Psuedo Strike Day 6

Today a handful of CPIS’s teachers, including myself, boycotted the weekly Wednesday meeting.  The foreign teachers have resolved not to send home the weekly report to parents. Quarterly progress reports which are due Friday won’t be written and “baby sitting” instead of “teaching” will continue.  The minute we receive our paycheck, duties will resume as normal.

Today my principal asked “where were you for bus duty??

“Where is my paycheck?” I responded. “I’ll come down for bus duty after we are paid.”

“That’s not okay.” She retorted.

“I agree; its not okay that we haven’t received our paychecks. If Mr. Bae needs someone at bus duty he can pay us or do it himself.”

She laughed and walked out of the room with a smile on her face. What bothers us the most is that the attitude from the administration gives us zero trust that we will get paid and shows a complete lack of respect for our needs. They act as if it is perfectly fine for us to receive our pay more than a week late while fearing if it will even come at all.

Luckily my class had a birthday party today so it was easy to skip most of the academics. We did our morning meeting and played an adding doubles math game. I read a Dr. Seuss book and we enjoyed birthday cake, clementines some singing and the end of Despicable Me.

The working environment has gone from bad to worse.  The students and parents haven’t seemed to notice any change or at least haven’t commented to us but there isn’t a single teacher that enjoys being here.  We feel like we are volunteering our time so some Korean businessman can embezzle our paychecks into a losing investment.

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They ask us to “trust them” but cannot fathom that trust is not given but rather needs to be  earned.  So far they have done nothing but prove themselves untrustworthy.  They tell us “maybe you’ll get paid on ______ date” and then reassure us that there is “million dollar deposit on school which pay teachers first.”  At this point we don’t even know if that’s true.  Each aforementioned date zooms by and we are given another “maybe.”

When asked this morning they said we’ll be paid “3, maybe 4 o’clock.”  At 4:00 I checked my account and saw far too few won so I went downstairs to my principal.

“Are we getting paid today?”

She held her hands up finger touching her thumb in what I can only assume is the Koraen version of crossing one’s fingers and said,

“I don’t wanna say yes, 90%.  I asked accountant and she said ‘it look good’.”

I said thank you and went back to my room.

All I know is I am looking forward to finding a new school to teach in regardless of when this paycheck comes.  Financially I am still stable and hopeful about my interview Saturday and I’m meeting with my recruiter tomorrow night to discuss other options.  My only concern is the “letter of release” which has been held over some of my coworkers head in the past.  One even had another job offer starting in December and asked for his letter.  They stalled and stalled and when his new job contacted our current school suddenly the offer was revoked and he was told “that is too heavy for us.”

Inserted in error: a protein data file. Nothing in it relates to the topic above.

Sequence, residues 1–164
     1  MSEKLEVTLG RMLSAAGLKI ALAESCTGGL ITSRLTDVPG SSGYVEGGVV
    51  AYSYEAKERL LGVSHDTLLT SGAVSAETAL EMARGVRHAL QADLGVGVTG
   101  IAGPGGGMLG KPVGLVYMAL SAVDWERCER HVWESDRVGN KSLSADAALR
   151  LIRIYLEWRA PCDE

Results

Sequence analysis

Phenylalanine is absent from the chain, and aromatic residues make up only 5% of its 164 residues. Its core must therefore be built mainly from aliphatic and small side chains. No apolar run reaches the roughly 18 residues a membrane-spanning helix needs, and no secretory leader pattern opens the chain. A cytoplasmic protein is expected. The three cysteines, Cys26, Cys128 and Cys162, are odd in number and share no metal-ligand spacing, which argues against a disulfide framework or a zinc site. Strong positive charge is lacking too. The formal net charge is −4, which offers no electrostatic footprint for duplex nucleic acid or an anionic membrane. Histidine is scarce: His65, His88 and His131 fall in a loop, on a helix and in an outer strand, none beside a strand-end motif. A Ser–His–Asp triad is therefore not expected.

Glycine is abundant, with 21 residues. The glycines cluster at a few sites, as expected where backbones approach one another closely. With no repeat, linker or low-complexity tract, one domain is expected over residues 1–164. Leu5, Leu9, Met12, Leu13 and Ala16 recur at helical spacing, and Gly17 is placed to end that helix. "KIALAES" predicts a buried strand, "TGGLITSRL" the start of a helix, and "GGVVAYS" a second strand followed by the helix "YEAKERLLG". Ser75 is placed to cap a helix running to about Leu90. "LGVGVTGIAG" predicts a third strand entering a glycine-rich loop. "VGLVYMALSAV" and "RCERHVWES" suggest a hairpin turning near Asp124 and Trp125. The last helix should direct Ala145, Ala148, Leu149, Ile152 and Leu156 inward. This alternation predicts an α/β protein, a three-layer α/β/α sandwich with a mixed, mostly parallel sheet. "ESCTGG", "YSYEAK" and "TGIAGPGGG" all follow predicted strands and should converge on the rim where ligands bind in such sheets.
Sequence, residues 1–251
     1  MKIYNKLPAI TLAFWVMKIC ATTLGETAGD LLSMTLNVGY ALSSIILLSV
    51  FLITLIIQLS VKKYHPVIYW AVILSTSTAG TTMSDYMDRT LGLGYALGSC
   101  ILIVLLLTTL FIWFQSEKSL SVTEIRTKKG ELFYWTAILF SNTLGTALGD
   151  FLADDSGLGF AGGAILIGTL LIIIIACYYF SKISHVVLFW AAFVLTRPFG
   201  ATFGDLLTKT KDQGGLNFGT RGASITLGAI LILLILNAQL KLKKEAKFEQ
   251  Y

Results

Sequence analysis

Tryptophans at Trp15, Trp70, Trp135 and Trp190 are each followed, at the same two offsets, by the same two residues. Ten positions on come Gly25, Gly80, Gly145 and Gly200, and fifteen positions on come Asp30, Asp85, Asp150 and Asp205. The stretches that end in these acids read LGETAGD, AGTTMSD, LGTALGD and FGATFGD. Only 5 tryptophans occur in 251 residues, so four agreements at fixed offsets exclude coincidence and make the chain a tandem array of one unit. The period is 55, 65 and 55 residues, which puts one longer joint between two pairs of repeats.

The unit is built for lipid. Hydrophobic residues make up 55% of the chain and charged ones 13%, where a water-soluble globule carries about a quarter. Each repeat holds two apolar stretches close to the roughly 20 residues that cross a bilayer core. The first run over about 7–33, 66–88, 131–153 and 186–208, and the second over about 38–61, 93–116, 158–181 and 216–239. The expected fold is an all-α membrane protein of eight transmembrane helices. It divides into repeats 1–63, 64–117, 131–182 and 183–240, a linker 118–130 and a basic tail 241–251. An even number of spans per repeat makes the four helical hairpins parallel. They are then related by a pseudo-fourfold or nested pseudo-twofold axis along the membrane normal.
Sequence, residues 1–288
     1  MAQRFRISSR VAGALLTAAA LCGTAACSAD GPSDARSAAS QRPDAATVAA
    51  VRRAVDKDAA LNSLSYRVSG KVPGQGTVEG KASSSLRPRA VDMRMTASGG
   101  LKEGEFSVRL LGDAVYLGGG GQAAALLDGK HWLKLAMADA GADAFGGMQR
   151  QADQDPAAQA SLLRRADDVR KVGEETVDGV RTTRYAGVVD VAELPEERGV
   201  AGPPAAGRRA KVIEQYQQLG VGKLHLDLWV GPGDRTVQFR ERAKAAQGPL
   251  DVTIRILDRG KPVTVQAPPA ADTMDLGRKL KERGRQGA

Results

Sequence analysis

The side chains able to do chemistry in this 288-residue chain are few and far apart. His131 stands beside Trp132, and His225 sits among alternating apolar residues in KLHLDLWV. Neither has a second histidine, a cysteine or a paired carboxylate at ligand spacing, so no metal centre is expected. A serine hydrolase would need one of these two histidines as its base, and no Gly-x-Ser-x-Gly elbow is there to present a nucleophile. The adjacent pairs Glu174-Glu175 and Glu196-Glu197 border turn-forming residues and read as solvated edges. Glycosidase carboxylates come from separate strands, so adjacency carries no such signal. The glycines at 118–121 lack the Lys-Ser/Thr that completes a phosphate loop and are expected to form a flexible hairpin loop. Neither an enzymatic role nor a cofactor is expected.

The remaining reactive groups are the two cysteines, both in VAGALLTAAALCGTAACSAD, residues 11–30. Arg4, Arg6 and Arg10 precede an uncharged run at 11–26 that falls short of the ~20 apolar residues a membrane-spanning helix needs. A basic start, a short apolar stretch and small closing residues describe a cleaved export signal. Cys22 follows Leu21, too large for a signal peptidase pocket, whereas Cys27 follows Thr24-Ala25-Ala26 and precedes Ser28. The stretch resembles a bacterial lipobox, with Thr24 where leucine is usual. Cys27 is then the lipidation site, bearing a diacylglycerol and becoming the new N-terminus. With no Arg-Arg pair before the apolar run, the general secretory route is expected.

If they fail to provide this letter I’ll have a tough time getting a job in Korea.  I’m hopeful my recruiter can help but have already resolved to teach in another country if the worst case scenario pans out.  I’ll wait to start contacting new recruiters but would love to teach in Hong Kong or New Taipei.  I’ve had offers in Bangkok and will certainly explore other possibilities.

4:50.  I finished my after school class and desperately wanted to leave in lieu of a still empty bank account.

4:59 I see my co-teacher in the teachers room and she says “we got paid.”  I look again and finally after over a week of sitting and wondering we finally got the money!  Who knows what will happen next month?

Tonight I get to go fencing for stress relief but for now I’ll stick with this cat meme to lighten the mood.

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2 thoughts on “Psuedo Strike Day 6

  1. you are trooper. These problems have been in existence since the conception of this school. This school used to be featured in magazines and tv shows, but no one knew the B.S the teachers had to put up with. SOunds like you and your co-workers aren’t as ‘nice’ as we were four-five years ago.

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    • Thanks! It was a difficult time and by the time I joined the workforce they were all pretty bitter. As things deteriorated I quickly understood why they were excited to move on. If you happen to get stuck in a crappy job just remember that you can get through it cause my new job is awesome!

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